What is Golfer’s Elbow?
Golfer’s elbow, also known as medial epicondylitis, is a common sports tendonitis injury where you experience pain at the point where your forearm muscle tendons attach to the inside of your elbow on the bony bump. The pain may radiate into your wrist and forearm. Medial epicondylitis is similar to tennis elbow, which affects the outside of your elbow, and involves inflammation. Golfers aren’t the only people to develop golfer’s elbow. Individuals like tennis players who clench their fingers and use their wrists repeatedly may also develop golfer’s elbow.
Golfer’s elbow is caused by damage to the muscles and tendons that control your wrist and fingers. The damage is typically related to excess or repeated stress — especially forceful wrist and finger motions. Improper lifting, throwing or hitting, as well as too little warm up or poor conditioning, also can contribute to golfer’s elbow. Besides golf, many activities and occupations can lead to golfer’s elbow, including:
- Racket sports. Improper technique with tennis strokes, especially the backhand, can cause injury to the tendon. Excessive use of topspin and using a racket that’s too small or heavy also can lead to injury.
- Throwing sports. Improper pitching technique in baseball or softball can be another culprit. Football, archery and javelin throwing also can cause golfer’s elbow.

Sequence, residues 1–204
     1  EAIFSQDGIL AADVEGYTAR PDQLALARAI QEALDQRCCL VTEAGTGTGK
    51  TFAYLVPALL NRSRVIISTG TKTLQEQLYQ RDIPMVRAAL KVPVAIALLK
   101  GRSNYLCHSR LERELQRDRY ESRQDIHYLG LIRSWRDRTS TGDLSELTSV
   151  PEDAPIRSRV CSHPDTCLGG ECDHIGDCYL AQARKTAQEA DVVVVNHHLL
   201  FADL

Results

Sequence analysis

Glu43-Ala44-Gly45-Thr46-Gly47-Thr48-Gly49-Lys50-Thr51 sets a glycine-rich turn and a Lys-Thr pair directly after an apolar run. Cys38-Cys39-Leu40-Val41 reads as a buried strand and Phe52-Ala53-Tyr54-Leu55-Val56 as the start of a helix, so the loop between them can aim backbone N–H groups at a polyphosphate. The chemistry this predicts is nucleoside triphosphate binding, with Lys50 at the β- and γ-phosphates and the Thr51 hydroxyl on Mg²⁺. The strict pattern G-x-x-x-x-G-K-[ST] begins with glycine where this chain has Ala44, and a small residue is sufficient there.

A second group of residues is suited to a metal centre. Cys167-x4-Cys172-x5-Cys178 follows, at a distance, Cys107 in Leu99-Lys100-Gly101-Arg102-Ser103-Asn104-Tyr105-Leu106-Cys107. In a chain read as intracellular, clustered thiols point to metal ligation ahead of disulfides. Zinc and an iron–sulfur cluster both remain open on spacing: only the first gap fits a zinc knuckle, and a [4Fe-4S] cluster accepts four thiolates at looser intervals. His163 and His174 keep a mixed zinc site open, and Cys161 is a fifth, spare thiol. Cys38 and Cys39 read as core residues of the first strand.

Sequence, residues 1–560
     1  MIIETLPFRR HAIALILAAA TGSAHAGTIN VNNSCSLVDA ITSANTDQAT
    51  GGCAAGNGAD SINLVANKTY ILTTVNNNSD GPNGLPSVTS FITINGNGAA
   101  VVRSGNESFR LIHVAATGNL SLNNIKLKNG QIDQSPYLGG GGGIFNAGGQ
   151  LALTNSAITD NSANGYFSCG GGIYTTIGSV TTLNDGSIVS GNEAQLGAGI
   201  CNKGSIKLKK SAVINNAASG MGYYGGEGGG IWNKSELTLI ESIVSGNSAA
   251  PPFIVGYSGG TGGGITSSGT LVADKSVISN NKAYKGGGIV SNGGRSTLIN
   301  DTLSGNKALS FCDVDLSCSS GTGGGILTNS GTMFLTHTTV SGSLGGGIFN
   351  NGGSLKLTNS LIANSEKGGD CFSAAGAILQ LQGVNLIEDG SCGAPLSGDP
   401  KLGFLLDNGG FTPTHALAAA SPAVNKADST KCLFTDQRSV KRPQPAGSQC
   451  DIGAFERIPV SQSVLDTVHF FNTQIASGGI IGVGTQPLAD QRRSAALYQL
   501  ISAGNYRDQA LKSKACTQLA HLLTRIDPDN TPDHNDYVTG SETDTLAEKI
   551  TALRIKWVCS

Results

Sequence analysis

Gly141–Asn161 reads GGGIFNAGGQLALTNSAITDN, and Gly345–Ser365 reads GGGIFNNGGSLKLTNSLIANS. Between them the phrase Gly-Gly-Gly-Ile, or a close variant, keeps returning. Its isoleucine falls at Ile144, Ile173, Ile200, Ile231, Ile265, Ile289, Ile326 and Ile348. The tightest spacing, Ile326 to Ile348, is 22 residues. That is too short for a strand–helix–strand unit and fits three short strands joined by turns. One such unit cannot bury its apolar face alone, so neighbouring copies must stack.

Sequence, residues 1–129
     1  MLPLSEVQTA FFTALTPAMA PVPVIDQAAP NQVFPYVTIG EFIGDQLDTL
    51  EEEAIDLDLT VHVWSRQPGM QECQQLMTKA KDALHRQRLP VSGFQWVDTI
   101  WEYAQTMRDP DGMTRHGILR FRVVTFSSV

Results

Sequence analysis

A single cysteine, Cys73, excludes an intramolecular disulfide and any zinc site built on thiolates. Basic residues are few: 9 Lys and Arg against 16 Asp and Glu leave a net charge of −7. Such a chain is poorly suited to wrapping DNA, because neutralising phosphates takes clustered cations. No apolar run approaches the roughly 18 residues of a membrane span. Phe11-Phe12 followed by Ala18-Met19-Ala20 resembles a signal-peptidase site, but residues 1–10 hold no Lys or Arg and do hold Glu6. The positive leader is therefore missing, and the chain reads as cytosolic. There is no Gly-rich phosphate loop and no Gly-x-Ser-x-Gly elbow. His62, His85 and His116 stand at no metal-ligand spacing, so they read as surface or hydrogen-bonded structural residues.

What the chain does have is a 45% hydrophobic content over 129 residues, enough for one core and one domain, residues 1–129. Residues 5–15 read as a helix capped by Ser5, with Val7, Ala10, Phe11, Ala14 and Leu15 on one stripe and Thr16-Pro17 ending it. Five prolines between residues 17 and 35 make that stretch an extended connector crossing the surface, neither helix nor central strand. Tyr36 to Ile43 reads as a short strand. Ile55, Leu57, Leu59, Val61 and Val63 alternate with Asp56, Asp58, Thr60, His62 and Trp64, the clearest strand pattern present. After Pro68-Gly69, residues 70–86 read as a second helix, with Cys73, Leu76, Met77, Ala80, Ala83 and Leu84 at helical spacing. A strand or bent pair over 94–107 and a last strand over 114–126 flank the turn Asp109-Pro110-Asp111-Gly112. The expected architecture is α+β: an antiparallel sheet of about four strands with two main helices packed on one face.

- Weight training. Lifting weights using improper technique, such as curling the wrists during a biceps exercise, can overload the elbow muscles and tendons.
- Forceful, repetitive occupational movements. These occur in fields such as construction, plumbing and carpentry
To cause golfer’s elbow, the activity generally needs to be done for more than an hour a day on many days.
Signs & Symptoms
With golfer’s elbow, the pain you have can happen suddenly or with time. If you have golfer’s elbow, you might have:
- Stiffness in your elbow
- Tenderness and pain, usually on the inner side of your elbow or the inner side of your forearm, but you could have pain with certain movements, like making a fist or swinging a golf club
- Tingling or numbness in your fingers (usually the ring and little fingers)
- Weakness in your hands and wrists
How can you tell if you have Golfer’s Elbow? Here are a couple of simple tests you can perform at home:
- This one tests to see if you have pain with contracting your wrist flexor muscles. Extend your arm out in front of you and pick up a gallon of milk or something equally as heavy with a straight elbow. If you have pain on the inside of the elbow (near the elbow bone) you could have Golfer’s Elbow.
- This one tests to see if you have pain with stretching your wrist flexor muscles. Extend your arm out in front of you with your elbow straight and your palm facing up. Then with the other hand slowly pull the fingers of your extended arm down towards the floor (extending your wrist) while keeping the elbow straight. If you have pain on the inside of the elbow (near the elbow bone) you could have Golfer’s Elbow.
Article by Chen Yan Xing
Physiotherapist from Your Physio